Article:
Beautiful Man is a high-concept performance piece that has a point to make. It’s an interesting point. Erin Shield’s script broaches an important subject. I won’t tell you what it is, but I’m sure you can guess the intent of this SummerWorks entry by my description of what I experienced.
Three women, smartly dressed in almost identical outfits but just different enough to be considered individuals. These women have just seen a recent movie—a movie about a cop. She’s a haunted, hardened professional hunting a serial killer—a woman—who preys on young, beautiful men.
They describe the images in this film while a beautiful man—conventionally attractive by North American standards—is the eye candy in the background. Brett Donahue portrays whichever male presence they are discussing, the point being that each of the male characters serves pretty much the same purpose: titillate the audience and advance a woman’s story.
Then, there isn’t just the film, but a television series within the film that deals with a historically “accurate” period drama (with dragons and whatnot) that consistently victimizes its male characters.
Then they discuss a real-life scandal with the highly respected female director of this series and the young, naïve men in her employ.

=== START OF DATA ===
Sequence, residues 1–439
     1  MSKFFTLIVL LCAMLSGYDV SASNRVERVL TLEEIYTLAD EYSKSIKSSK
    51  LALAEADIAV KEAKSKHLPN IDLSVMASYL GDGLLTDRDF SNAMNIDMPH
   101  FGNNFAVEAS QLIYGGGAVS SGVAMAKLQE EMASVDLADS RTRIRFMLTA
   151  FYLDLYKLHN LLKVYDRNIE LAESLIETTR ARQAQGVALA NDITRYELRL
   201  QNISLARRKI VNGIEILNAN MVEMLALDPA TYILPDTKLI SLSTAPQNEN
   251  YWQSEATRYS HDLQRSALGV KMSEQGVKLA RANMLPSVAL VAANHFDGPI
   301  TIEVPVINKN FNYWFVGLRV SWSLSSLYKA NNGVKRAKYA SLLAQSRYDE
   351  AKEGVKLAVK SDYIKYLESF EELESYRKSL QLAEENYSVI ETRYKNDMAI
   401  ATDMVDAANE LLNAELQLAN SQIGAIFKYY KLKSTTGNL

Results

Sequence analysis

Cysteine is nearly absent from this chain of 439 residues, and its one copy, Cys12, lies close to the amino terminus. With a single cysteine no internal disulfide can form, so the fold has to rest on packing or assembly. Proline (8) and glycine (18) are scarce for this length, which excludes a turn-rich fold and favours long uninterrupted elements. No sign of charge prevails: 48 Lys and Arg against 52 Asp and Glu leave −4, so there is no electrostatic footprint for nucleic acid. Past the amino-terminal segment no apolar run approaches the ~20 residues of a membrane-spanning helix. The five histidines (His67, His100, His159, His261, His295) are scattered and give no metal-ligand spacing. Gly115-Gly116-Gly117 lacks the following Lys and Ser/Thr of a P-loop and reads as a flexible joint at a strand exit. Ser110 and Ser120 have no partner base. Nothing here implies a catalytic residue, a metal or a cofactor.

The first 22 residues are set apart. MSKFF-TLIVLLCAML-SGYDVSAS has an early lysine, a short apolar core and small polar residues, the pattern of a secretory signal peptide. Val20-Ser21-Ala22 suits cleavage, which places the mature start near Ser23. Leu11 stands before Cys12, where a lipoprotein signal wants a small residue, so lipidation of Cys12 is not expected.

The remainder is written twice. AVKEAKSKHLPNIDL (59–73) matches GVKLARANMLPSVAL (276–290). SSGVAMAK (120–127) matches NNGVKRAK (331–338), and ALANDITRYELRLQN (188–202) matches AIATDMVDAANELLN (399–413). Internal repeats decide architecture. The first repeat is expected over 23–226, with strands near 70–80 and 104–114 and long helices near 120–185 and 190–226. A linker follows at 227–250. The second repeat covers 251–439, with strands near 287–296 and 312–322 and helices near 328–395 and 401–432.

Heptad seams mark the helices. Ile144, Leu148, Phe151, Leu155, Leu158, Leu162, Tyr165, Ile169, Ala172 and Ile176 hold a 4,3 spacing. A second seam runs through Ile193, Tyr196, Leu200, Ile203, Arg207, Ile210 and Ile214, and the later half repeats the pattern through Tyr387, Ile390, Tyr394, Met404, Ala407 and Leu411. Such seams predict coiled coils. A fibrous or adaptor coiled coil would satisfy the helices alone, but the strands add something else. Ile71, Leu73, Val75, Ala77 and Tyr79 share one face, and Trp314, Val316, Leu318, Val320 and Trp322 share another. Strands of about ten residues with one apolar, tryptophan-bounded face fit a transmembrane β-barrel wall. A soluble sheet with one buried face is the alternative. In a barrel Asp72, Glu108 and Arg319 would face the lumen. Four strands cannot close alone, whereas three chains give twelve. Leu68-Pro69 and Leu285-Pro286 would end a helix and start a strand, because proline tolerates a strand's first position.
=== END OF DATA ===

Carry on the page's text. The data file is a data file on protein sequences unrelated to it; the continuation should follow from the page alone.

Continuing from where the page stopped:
Then there is a play within the series within the film—don’t forget the real-life scandal. All of this is swirling about until their recitation reaches a fever pitch and all three reach climax together, exhilarated by the eroticism of sweaty, wounded male bodies writhing in agony (and ecstasy—oh, the blurred lines!) under culturally-accepted female power, and they shoot their load.
Conceptually, this is tight and relevant. The problem for me was that I couldn’t connect to any of it emotionally. This isn’t a drama. There are no stakes. The people on stage aren’t really characters. Director Andrea Donaldson gives them plenty of business to keep their bodies in motion, but it never felt to me like anything more than a stylishly performed essay.
There were brief moments when I thought something would snap and some real, immediate conflict would arise. I was particularly drawn to Ava Markus’ manic intensity; her wild eyes and tense body language suggested that she was just barely keeping her shit together and would suddenly create a problem for the other two. But this piece isn’t concerned with that sort of drama; it wants to stay on point.
Beautiful Man is frequently funny, always clever, but it just didn’t resonate with me.
Beautiful Man plays at The Theatre Centre Mainspace (1115 Queen Street West)
- Sunday August 9th 4:15 PM
- Monday August 10th 9:45 PM
- Tuesday August 11th 7:00 PM
- Thursday August 13th 9:30 PM
- Saturday August 15th 8:45 PM
- Sunday August 16th 3:00 PM
Individual SummerWorks tickets are $15 at the door (cash only). Live Art Series tickets are free – $20. Tickets are available online at http://summerworks.ca, by phone at 888-328-8384, Monday – Friday 8:30am-5pm, in person at the SummerWorks Info Booth – located at SummerWorks Central Box Office – located at Factory Theatre (125 Bathurst St). Open August 4-16 from 10am-7pm (Advance tickets are $15 + service fee)
Several money-saving passes are available if you plan to see at least 3 shows
Photo of Brendan Healy by Tristan Ginger